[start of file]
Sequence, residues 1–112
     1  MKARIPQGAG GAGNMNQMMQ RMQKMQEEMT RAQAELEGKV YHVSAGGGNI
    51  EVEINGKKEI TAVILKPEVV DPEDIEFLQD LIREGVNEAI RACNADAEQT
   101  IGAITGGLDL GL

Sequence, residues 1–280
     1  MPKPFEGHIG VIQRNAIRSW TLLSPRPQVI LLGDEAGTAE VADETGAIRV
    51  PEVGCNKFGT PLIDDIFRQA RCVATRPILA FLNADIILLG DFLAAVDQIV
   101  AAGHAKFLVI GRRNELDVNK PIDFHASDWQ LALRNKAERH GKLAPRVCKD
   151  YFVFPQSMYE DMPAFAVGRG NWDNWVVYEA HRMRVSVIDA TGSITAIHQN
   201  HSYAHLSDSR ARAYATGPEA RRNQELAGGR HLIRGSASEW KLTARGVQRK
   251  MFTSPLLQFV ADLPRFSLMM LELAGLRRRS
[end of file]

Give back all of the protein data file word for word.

Sequence, residues 1–112
     1  MKARIPQGAG GAGNMNQMMQ RMQKMQEEMT RAQAELEGKV YHVSAGGGNI
    51  EVEINGKKEI TAVILKPEVV DPEDIEFLQD LIREGVNEAI RACNADAEQT
   101  IGAITGGLDL GL

Sequence, residues 1–280
     1  MPKPFEGHIG VIQRNAIRSW TLLSPRPQVI LLGDEAGTAE VADETGAIRV
    51  PEVGCNKFGT PLIDDIFRQA RCVATRPILA FLNADIILLG DFLAAVDQIV
   101  AAGHAKFLVI GRRNELDVNK PIDFHASDWQ LALRNKAERH GKLAPRVCKD
   151  YFVFPQSMYE DMPAFAVGRG NWDNWVVYEA HRMRVSVIDA TGSITAIHQN
   201  HSYAHLSDSR ARAYATGPEA RRNQELAGGR HLIRGSASEW KLTARGVQRK
   251  MFTSPLLQFV ADLPRFSLMM LELAGLRRRS